Mahovlich didn’t factor in the scoring sheet on this night.  The game was tied 2-2 early in the third, but the Whalers broke it open with late goals from Tom Webster, Thommy Abrahamsson and Mike Byers.  New England’s 5-2 victory snapped the Toros win streak at twelve.

Mahovlich played the final four years of his career in the WHA, adding 89 goals to his 533 NHL tallies.  He retired in 1978 and was inducted in the Hockey Hall of Fame in 1981.



Toronto Toros Home Page


Written by andycrossley

August 17th, 2014 at 1:51 am

October 28, 1972 – New England Whalers vs. Alberta Oilers

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Kevin Ahearn New England WhalersNew England Whalers vs. Alberta Oilers
October 28, 1972
Boston Arena
Attendance: ?

World Hockey Association Programs


Early game program from the first season of the World Hockey Association.  This October 28th, 1972 game was the 9th game in franchise history for both the New England Whalers (today the Carolina Hurricanes of the NHL) and the visiting Alberta Oilers (today’s Edmonton Oilers).

It was also first Whalers game played at the 6,000-seat Boston Arena.  Out of necessity, the Whalers had to split their 1972-73 schedule between the 15,000-seat Boston Garden (where they had a contentious relationship with the NHL’s Bruins) and smaller, 62-year old bandbox on St. Botolph Street in Boston’s Back Bay neighborhood.  The Whalers pumped $200,000 into Boston Arena in 1972 to try to bring it up to a professional standard, but ultimately they would leave the building behind after their first season in the WHA.

That’s Milton, Mass. native and Boston College alum Kevin Ahearn pictured on the cover of the evening’s Harpoon Magazine game program.  Ahearn played on the 1972 U.S. Olympic Hockey team in Sapporo, Japan, but his pro career was a short one.  After appearing in 78 games for the Whalers and scoring 20 goals during the 1972-73 season, Ahearn spent the next two winters in the minors and was out of hockey by the age of 26 in 1975.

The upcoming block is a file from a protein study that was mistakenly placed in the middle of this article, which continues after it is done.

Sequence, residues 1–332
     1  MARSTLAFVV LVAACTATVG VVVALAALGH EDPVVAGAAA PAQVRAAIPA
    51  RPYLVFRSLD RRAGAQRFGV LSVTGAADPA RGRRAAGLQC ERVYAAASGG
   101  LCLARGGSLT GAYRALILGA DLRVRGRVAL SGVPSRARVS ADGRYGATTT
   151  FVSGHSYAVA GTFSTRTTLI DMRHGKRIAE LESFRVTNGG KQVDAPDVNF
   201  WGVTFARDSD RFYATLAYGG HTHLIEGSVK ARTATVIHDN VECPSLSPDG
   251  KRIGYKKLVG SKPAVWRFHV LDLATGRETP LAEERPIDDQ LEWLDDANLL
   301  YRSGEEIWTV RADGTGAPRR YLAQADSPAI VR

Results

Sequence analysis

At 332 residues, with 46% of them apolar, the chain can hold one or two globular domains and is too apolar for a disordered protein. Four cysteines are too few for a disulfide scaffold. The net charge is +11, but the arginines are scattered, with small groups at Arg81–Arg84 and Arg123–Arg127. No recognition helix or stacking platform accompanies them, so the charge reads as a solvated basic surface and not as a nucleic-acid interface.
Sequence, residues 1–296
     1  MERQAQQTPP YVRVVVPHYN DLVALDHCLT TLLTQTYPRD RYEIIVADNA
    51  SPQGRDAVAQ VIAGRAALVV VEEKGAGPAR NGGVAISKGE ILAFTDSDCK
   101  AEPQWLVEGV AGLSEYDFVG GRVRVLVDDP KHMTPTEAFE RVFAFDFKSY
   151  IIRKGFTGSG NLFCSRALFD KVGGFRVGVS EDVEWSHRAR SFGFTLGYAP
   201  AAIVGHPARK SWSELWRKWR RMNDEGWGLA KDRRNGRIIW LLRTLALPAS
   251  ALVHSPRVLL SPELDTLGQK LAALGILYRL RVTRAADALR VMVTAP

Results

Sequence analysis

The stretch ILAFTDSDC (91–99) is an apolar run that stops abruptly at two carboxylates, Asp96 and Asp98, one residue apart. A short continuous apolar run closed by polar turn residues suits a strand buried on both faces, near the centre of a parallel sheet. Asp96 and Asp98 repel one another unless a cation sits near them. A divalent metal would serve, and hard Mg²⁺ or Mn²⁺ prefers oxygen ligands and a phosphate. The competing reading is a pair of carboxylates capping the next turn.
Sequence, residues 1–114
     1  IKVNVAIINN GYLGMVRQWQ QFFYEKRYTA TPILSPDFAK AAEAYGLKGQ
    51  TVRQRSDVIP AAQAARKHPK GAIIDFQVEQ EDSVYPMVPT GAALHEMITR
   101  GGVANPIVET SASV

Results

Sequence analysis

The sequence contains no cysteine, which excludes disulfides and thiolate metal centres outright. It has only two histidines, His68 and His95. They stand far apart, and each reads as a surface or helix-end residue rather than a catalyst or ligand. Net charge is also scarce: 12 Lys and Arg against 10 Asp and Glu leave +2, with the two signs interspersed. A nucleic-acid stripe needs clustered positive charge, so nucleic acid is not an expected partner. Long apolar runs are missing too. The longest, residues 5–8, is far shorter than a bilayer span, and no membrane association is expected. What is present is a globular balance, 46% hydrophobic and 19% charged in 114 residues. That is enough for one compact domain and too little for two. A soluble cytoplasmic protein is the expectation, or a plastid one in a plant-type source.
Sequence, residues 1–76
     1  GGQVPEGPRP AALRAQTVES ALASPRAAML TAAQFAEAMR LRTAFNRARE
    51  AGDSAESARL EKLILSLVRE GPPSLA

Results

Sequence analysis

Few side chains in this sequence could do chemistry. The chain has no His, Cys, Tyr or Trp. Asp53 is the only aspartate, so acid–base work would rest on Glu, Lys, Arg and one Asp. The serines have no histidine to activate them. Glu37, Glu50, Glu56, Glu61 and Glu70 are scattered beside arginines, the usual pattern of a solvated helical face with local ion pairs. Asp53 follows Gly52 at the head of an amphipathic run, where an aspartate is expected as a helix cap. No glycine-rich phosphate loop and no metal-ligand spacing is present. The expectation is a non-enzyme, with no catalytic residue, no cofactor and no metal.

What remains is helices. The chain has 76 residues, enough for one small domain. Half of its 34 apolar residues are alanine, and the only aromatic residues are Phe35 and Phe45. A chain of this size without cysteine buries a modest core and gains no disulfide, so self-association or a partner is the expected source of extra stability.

The Oilers won on this night 4-1 on the strength of 43 saves by Alberta goalie Jack Norris.



Written by andycrossley

July 30th, 2014 at 3:27 pm

December 24, 1972 – New England Whalers vs. Los Angeles Sharks

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New England Whalers ProgramNew England Whalers vs. Los Angeles Sharks
December 24, 1972
Boston Garden
Attendance: 8,496

World Hockey Association Programs


MERRY CHRISTMAS, Fun While It Lasted readers.

40 years ago this very night here in my hometown…Santa Claus finds time to drop in at the old Boston Garden as the New England Whalers take on the Los Angeles Sharks in World Hockey Association action.

Saint Nick was not kind to the hosts. The visiting Sharks won 5-3, wasting a hat trick by the Whalers’ Larry Pleau.



Los Angeles Sharks Home Page


Written by andycrossley